243 views | Akanimo Sampson | September 4, 2020
A study has unzipped the underbelly of the government of Nigeria in respect of the involvement of young people in agriculture.
While the study strongly calls for ‘’policies and interventions’’ that will ensure the involvement of youths in the sector, it also revealed that young people in the country involved in agriculture during the production season often take up non-farm jobs to ensure stable income during the off-season.
An expert with the International Institute of Tropical Agriculture (IITA), Adewale Ogunmodede, says Nigeria’s agricultural value chain is slowly evolving with limited diversification in an environment that still undermines progress.
‘’This situation highlights the need for policies and interventions that will ensure that the youth are actively involved in agriculture all year round to achieve food security’’, he adds.
The IITA expert carried out a study to evaluate the impact of the N-power Agro programme on youth employment and income generation in some parts of rural Nigeria.
He did the research under the IITA-implemented Enhancing Capacity to Apply Research Evidence (CARE) in Policy for Youth Engagement in Agribusiness and Rural Economic Activities in Africa project, which is sponsored by the International Fund for Agricultural Development (IFAD).
The study covered three states in Western Nigeria and explored the state of youth participation in agribusiness activities in rural areas.
Nigeria has the largest youth population in Africa, and yet multiple reports show that the average age of farmers in the country is between 50 and 60 years.
The government strategically targets young people to encourage their participation in agriculture and agribusiness because the declining agricultural production is diminishing the hope of attaining food security in the country by 2050.
Looking at the N-Power Agro programme, which promotes employment opportunities for youth in the agricultural sector, Ogunmodede explored the regional growth analysis of youth labour and employment trends in Nigeria.
He focused on the emergence of agribusinesses while evaluating the impact of the programme to generate income and create employment for the beneficiaries through their participation.
Despite attempts by the government to improve rural livelihood, provide employment, and ensure food security through agricultural development initiatives, most of these programmes have had little or no impact on the lives of the youth.
Corruption, inconsistency in policies, and an implementation approach that does not prioritise the grassroots are the main reasons for this failure.
For Ogunmodede, “it is crucial for policymakers to know that policies should target youth as partners and leaders in development. Policy development should be a collaborative intervention that will ensure youth are fully consulted and integrated into the decision-making process.”
The study also recommends that the government incorporates the beneficiaries of these initiatives as produce-suppliers to the home-grown school feeding program, and a policy development approach that involves the youth.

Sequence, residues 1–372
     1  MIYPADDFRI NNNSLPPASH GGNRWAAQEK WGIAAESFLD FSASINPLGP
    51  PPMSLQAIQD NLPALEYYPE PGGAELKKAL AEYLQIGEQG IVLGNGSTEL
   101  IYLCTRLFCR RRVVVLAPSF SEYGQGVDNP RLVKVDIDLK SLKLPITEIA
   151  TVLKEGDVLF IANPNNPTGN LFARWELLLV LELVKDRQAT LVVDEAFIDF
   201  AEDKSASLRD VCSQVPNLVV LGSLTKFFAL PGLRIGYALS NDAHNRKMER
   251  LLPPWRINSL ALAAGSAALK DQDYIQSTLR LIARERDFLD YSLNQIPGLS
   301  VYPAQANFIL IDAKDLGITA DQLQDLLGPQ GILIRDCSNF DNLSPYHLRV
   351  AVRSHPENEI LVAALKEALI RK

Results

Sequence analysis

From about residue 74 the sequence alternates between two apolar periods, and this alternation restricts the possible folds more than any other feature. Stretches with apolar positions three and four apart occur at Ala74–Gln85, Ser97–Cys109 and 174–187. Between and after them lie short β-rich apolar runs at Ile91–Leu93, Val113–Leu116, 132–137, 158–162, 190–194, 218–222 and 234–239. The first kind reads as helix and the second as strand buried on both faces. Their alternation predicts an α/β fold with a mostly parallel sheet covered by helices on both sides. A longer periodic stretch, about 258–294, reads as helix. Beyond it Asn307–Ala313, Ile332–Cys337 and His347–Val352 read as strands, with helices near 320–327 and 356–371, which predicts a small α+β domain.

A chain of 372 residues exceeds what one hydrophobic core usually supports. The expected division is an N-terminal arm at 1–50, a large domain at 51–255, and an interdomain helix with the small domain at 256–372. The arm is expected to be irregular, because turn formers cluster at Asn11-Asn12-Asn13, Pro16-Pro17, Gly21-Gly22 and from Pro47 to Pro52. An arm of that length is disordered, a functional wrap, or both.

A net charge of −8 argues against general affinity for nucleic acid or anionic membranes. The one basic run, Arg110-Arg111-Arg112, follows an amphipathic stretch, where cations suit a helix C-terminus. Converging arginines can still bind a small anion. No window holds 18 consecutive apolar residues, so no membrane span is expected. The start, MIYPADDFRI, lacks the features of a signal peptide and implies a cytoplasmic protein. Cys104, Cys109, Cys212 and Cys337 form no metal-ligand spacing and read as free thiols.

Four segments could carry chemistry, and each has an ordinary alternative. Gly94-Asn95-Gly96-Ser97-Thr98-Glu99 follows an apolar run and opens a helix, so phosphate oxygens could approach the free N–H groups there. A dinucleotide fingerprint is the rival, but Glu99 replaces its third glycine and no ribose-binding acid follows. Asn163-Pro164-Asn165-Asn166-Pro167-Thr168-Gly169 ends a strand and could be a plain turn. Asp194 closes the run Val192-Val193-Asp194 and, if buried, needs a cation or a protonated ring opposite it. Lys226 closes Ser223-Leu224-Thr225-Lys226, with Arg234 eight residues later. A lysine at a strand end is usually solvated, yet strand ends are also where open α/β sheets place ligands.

The IITA-CARE project is addressing youth unemployment and involvement in rural and non-rural economies by funding young researchers across Africa.
The resulting studies are the basis for policy briefs that are used to engage parliamentarians in Africa to ensure that effective policies are drafted to address these development areas.
Enhancing Capacity to Apply Research Evidence (CARE) in Policy for Youth Engagement in Agribusiness and Rural Economic Activities in Africa project seeks to enhance the understanding of the poverty reduction and employment impact, and the factors influencing youth engagement in agribusiness and rural farm and non-farm economy.
By doing so, significantly increase the evidence of how policies and investments can contribute to economic growth and the enabling environment for rural youth.
The CARE project is being conducted by IITA, an award-winning, research-for-development non-profit institution, with headquarters in Ibadan, the Oyo State capital. It generates agricultural innovations to meet Africa’s most pressing challenges of hunger, malnutrition, poverty, and natural resource degradation.
The main aim of CARE is to enhance the understanding of the poverty reduction and employment impact, and the factors influencing youth engagement in agribusiness and rural farm and non-farm economy.
Its key overall objective is to improve the availability, exchange, dissemination and use of research findings in the field of agribusiness and rural economic activities from young African scholars into policy and practice in support of economic growth and achievement of the Sustainable Development Goals, working at local, national and regional levels in Africa.
As part of CARE’s objectives, it is working on the following areas:
Strengthen the capacity of young African scholars in generating, appraising and disseminating evidence-based results to inform future action plans for national governments, the international community, the business sector and local communities;
Increase the availability and use of evidence for youth policies and decision-making related to youth participation in the rural sector; and
Strengthen the ability of key stakeholders to better use an evidence-based approach in youth economic empowerment in policy development.